Review :: The Business Post :: How to Catch a Star :: "Exquisite Puppetry"

Exquisite puppet show will delight Jeffers’ fans big and small alike

Branar How to Catch a Star Anita Murphy.jpg

The stage adaptation of Oliver Jeffers’ How to Catch a Star is running at the O’Donoghue Arts Centre, Galway Anita Murphy

Director Marc Mac Lochlainn joyfully indulges the undramatic moments of Jeffers’ story while adding his own signature: the battle between a seagull and a worm is one particularly memorable scene

By Sara KeatingOct 14, 2018

In the 14 years since its publication, Oliver Jeffers’ debut picture book How to Catch a Star has become a classic of children’s literature, and Jeffers, who has designed the artwork and sets for U2’s international tours among other high-profile gigs, has become a global superstar. For hipster parents, Jeffers’s books are affordable wall art. For children, however, he is just a brilliant storyteller; and Boy, the hero of To Catch a Star and three other Jeffers stories, is a particularly memorable character.

This stage adaptation from Galway-based Branar, then, already has a captive audience, and familiarity with the book would be a particular boon for potential viewers. This is not because the narrative of the performance is not clear - a little boy tries, using a variety of ingenious devices, to capture a star, and settles for a starfish - but the wordless storytelling is subtle. Piecing together the phases of Boy’s journey will keep the attention of those in the know as the puppet show follows its natural contemplative pace, but those without the original context may struggle.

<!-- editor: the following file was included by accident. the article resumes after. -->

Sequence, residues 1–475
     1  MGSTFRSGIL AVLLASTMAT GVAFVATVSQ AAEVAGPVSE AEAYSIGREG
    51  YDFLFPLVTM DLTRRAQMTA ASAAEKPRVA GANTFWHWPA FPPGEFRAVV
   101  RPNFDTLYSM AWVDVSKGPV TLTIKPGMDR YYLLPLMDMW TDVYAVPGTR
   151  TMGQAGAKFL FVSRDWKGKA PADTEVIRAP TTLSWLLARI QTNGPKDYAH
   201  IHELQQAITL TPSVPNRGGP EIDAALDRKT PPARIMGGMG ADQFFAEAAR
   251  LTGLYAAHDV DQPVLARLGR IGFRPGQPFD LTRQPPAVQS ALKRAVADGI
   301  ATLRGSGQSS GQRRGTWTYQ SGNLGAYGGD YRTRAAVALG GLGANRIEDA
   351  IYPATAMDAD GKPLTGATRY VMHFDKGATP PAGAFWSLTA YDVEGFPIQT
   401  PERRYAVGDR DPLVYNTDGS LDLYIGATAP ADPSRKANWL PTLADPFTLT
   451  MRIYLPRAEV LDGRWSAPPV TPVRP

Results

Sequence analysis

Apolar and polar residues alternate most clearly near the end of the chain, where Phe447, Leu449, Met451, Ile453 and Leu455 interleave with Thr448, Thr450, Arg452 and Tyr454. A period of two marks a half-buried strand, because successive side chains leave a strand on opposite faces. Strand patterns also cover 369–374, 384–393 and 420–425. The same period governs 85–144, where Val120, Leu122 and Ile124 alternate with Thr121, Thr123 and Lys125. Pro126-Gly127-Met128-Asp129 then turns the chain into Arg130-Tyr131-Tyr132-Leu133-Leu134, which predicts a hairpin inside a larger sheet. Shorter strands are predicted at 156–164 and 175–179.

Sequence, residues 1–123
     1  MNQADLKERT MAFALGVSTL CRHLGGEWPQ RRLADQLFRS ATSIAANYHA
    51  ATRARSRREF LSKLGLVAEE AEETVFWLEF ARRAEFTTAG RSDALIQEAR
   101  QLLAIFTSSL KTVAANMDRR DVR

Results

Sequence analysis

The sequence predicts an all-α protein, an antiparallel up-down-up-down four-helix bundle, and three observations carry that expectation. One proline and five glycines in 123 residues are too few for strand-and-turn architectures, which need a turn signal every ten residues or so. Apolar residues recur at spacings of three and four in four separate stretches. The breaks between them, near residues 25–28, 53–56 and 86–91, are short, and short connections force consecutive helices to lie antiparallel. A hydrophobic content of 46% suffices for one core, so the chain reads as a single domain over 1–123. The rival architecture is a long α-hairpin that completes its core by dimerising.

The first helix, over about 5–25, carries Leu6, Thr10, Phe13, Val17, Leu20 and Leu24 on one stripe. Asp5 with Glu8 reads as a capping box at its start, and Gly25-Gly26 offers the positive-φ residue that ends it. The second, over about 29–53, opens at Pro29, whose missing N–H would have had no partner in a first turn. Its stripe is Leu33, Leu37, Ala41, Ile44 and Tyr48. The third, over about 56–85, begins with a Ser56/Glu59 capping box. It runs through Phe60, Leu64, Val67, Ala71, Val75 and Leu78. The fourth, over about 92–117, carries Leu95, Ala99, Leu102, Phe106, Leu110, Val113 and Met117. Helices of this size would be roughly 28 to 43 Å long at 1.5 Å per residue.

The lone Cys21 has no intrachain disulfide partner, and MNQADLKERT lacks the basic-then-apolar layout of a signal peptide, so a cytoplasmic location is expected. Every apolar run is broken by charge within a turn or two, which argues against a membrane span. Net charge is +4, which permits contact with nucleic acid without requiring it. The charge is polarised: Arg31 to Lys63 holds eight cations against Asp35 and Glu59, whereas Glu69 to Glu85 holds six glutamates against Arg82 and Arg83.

Suse Reibish’s exquisite puppetry brings life to Jeffers’s protagonist, with his stick-like limbs and oversized head. Visible puppeteers, Grace Kiely and Neasa Ní Chuanaigh, animate his every move with tiny gestures and muted expressions of their own. Director Marc Mac Lochlainn joyfully indulges the undramatic moments of Jeffers’ story while adding his own signature: the battle between a seagull and a worm is one particularly memorable scene. Colm Mac Con Iomaire’s twinkling score, meanwhile, adds to the wonder of the tale, especially the boy’s final discovery.

How to Catch a Star comes with a recommended age suggestion of 4+, and potential family audiences would be wise to heed the guideline. Even if your under-4s are fans of the book, it will be challenging them for to sit still and quiet for the 45-minute show. This is the sort of highly realised performance that demands it.

You can see How to Catch a Star this week from Monday to Wednesday at the O’Donoghue Arts Centre, Galway, where it is one of 13 productions taking place as part of Baboró International Arts Festival for Children. There is opera for young audiences (Getting Dressed, Nun’s Island Theatre, Friday-Sunday), an acrobatic human tetris (Tetris, Black Box Theatre, Monday-Thursday), and a variety of classics reinterpreted for kids, including Black Beauty (Town Hall Theatre, Thursday-Sunday) and Nosferatu (An Taibhdhearc, Friday-Sunday). Baboró runs across a variety of the city’s venues until Sunday, October 21.

Read the original review here